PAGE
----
Rumors of a human-chimpanzee hybrid have abounded for centuries, but there hasn't been concrete proof. But then, how much proof do you actually need? Anyone who doubts that humans have fucked chimps hasn't met enough humans. Tune in to an episode of Comedy Central's "The Man Show," then tell me this hasn't happened.
Chimps and humans are so genetically similar as to be nearly indistinguishable, appearances aside. Science estimates that about 95-99% of our genetic code is identical to that of a chimpanzee. The similarity is roughly equivalent to the difference between donkeys and horses.
The practical upshot of this is that there is a very good chance that a human-chimp coupling could produce a viable offspring, just as donkeys and horses can mate to produce mules. (So don't forget to take condoms on that safari!)
So it's possible, according to the rules of science, and probable, according to human nature. So why isn't there a race of human hybrids out there wandering the earth?
Well, aside from "Who says there isn't?" one major practical consideration is fertility. It's tricky mixing species, even when they are closely related, and due to a chromosomal count issue, 99.9% of "humanzees" would be sterile, just like 99.9% of mules.
So the question isn't really whether it "can" happen or even whether it "has" happened, so much as "Can we have a look at one?"
Maybe. There have been frequent claims that one beastie or another is a "humanzee" (also known as a "sport" or a "chimera," the generic term for any combination of two genetic patterns into one individual creature). Some of the claims are more credible than others.
The most widely discussed "humanzee" sighting was a critter named "Oliver." Oliver was a sideshow star, but he wasn't like the other chimps in the traveling circus circuit. He was said to have come from somewhere in the Congo, although that claim is somewhat shrouded in mystery at this late date.
Oliver didn't like hanging out with his own alleged species and preferred the company of humans. He walked upright, he sat in chairs. He helped around the house with chores, and eventually he began hitting on the circus owner's wife, which led to his sale in 1976 to a New York lawyer named Michael Miller.
Oliver also looked different from other chimps; he less hair, a smaller chin, a smaller and rounder cranium, and pointed ears (which neither chimps nor humans normally display). Except for the latter trait, these characteristics gave him a remarkably human appearance relative to normal chimps. He also reportedly had an unusual scent, compatible neither with chimps nor humans.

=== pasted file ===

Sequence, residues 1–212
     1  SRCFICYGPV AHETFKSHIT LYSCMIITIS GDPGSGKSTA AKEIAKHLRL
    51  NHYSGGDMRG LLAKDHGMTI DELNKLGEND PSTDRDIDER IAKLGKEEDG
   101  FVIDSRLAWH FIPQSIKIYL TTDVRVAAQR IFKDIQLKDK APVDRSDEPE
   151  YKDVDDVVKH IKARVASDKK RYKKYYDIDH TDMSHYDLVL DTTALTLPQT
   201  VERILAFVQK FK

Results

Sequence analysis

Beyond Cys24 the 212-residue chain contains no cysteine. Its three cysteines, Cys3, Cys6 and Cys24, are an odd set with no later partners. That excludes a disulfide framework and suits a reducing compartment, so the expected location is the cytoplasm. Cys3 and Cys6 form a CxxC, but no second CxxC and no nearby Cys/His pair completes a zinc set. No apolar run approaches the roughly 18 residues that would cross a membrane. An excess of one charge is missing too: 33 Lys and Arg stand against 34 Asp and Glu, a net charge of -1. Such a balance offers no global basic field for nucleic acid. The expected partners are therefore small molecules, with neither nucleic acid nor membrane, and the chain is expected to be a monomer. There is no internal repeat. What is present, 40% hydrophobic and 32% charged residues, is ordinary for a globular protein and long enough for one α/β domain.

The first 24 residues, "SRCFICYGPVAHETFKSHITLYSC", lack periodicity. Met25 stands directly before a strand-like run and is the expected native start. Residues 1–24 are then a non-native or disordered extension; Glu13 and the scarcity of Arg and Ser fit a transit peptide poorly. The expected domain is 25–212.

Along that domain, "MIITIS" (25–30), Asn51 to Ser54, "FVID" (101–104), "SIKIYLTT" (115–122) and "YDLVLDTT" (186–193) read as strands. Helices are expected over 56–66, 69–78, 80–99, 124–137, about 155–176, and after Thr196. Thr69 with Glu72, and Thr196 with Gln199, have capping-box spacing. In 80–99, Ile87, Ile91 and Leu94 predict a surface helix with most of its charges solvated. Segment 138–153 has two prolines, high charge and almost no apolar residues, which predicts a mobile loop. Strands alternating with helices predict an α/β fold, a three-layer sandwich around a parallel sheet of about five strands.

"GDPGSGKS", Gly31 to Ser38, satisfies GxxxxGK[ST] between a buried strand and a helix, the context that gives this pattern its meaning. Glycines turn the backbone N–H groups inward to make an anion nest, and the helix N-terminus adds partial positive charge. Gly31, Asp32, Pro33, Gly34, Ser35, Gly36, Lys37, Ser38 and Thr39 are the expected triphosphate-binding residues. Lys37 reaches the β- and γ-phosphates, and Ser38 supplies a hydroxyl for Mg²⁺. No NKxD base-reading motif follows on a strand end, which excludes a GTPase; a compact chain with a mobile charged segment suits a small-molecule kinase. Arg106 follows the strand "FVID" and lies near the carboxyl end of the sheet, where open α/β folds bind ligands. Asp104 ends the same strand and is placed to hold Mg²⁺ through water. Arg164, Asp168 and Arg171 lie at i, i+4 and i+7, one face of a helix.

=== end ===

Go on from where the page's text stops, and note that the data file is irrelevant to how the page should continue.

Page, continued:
According to Miller, blood tests revealed Oliver had 47 chromosomes — one more than a human and one less than a chimp. The odd number of chromosomes would also strongly suggest hybridization of some sort. (The claim was later disproved.)
Among the non-Bestiality related explanations for Oliver's freakish characteristics were mutation, spontaneous evolution and hybridization with another form of ape (such as the also-human-like bonobo, which is conveniently a sex-crazed lunatic).
In keeping with human nature, this potential ambassador to a new species was not welcomed and honored, nor was he the subject of attempts to communicate and learn. Instead, he was bounced around from "owner" to "owner," displayed as a sideshow freak, and eventually sold to a laboratory of the "pouring-pepper-juice-in-cute-little-bunny-eyes" sort.
Now, bleeding heart liberal inclinations aside, one has to seriously question the ethics of a species that is willing to imprison and torture another species with 99% of the same genes for the sake of mass-producing less-clumpy mascara, but it's even more baffling how a potentially half-human creature could be banished to this fate.
Fortunately, perhaps due to a surplus of cute little bunnies, Oliver was never required to test the effects of eating eyeliner or having suntan lotion intravenously injected. Oliver probably didn't see the bright side of this, as he was confined for seven years in a 5-by-7 cage (worse than even Camp X-Ray), until his muscles atrophied for lack of ability to move.
Oliver was retired from the lab in 1996 and sent to a chimp retirement home. He was finally called in for credible scientific testing, which insisted that he was really just a "normal chimp" with 48 chromosomes, an explanation which satisfied absolutely no one except a bunch of killjoy skeptics. Other scientists have continued to push for more research.
Oliver aside, there are some intriguing other possibilities for humanzees. For instance, consider Bigfoot and the Yeti (abominable snowman). Interspecies breeding can produce some interesting side-effects, such as in the case of the "liger," a tiger-lion hybrid which is incredibly huge, much bigger than either of its forbearers.
Could Bigfoot be some sort of human-chimp hybrid afflicted with gargantuism? Well, of course it could, but whether it's likely is another story.
Biologist Stuart Newman attempted to file a patent on human-chimp chimera genes in what he claimed was a political statement about the intellectual property rights granted to biotech companies for living creatures (the patent was rejected on the grounds that it constituted slavery, i.e., you can't own a being with human genetic material).
Whether or not you believe there are already human-chimp hybrids walking the earth, odds are pretty good that it's going to happen eventually. Scientists have already created simplistic hybrids between pigs and humans, and cows and humans. And cows and pigs are a lot less closely related to humans than chimps. The aforementioned experiments were never allowed to grow past the embryonic stage. At least, that's what they claim...